On April 9, 2009, the employee returned to see Dr. Garvey stating she felt things were markedly worse, including problems breathing and more problems walking. An MRI scan on May 13, 2009, showed significant left-sided foraminal stenosis at L3-4 with lateral listhesis at L3-L4, and moderate spondylosis with anterior collapse at L1-2. The employee returned on October 8, 2009, reporting she was not doing well with pain throughout her lower back and into her legs. Dr. Garvey felt her symptoms were consistent with lumbar spinal stenosis with lateral listhesis at L3-4, and again discussed surgical management with the employee. The employee requested pain medication and a prescription for Norco was provided. The employee testified at the hearing that she was not ready to have surgery at that point and she did not seek additional medical treatment from Dr. Garvey for over a year. The employee continued to be seen at her family clinic in St. Cloud, using medications to treat her chronic pain.
The employee returned to Dr. Garvey on October 28, 2010, and January 24, 2011, again reporting predominantly back pain with buttocks and leg pain right greater than left. She stated she was ready to proceed with surgery. Dr. Garvey recommended an L3-4 decompression and fusion, stating, however, that since this was the apex of her scoliotic curve, he would not recommend stopping the arthrodesis at that level, but continue up to approximately T12. Dr. Garvey opined the employee had progressive degenerative stenosis at L3-4 that was directly related to the work injury as the level adjacent to the L4-S1 fusion, and stated further that if the L3-4 fusion were added without more, there would be a very high chance of rapid decompression and progression of the scoliotic curve.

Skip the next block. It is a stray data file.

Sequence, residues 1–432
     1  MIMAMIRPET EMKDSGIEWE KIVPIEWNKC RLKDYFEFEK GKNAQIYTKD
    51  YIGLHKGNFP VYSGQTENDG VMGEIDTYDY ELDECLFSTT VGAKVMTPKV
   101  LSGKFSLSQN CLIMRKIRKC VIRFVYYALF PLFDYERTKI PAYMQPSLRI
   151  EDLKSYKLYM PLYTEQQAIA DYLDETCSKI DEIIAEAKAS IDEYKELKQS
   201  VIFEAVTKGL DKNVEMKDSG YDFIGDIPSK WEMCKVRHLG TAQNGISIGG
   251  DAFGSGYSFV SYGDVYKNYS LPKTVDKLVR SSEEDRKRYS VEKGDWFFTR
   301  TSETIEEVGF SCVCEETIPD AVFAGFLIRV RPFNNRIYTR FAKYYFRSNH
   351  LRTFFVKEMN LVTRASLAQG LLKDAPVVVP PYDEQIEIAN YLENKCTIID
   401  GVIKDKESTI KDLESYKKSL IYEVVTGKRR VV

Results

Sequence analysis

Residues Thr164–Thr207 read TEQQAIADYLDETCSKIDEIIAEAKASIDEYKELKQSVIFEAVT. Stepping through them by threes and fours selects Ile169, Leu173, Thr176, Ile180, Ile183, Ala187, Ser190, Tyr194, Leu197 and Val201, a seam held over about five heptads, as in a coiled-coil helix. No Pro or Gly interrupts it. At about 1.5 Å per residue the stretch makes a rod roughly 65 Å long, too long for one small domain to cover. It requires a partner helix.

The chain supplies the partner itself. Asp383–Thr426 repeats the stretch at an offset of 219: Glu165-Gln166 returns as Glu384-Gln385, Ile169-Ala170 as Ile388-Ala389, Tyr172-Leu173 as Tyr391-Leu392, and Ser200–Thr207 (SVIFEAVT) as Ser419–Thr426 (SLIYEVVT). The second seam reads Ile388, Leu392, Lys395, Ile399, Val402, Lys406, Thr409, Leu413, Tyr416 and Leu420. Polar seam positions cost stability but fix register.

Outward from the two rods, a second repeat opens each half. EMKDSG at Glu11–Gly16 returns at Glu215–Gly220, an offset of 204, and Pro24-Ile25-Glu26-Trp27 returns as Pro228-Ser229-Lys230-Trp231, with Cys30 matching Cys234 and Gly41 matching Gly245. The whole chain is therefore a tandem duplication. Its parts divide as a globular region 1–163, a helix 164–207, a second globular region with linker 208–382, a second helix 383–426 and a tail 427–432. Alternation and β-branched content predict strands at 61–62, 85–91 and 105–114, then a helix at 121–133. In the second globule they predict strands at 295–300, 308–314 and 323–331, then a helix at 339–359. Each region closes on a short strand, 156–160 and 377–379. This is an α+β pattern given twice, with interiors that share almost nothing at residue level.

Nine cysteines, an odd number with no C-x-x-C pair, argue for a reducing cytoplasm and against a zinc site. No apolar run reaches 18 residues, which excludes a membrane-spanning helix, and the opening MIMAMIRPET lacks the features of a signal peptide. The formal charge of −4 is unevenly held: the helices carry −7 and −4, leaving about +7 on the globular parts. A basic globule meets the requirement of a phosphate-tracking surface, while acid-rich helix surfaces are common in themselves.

The employee was seen by Dr. Rick Davis on December 14, 2011, at the request of the employer and insurer. Dr. Davis diagnosed work-related adjacent segment degeneration and lateral listhesis at L3-4, low back pain and bilateral leg pain, and non-work-related thoracolumbar scoliosis. The doctor stated the proposed fusion surgery from approximately T11 or T12 to L4 and decompression appeared to be a reasonable surgical strategy given the junctional degeneration at L3-4 and the employee’s scoliosis. However, Dr. Davis did not believe that surgical intervention would have a significant impact on the employee’s pain and functional level. The doctor noted the employee consistently reported back and leg pain with no improvement despite multiple surgeries over time, and he did not believe the employee’s reported symptoms were consistent with the radiographic findings.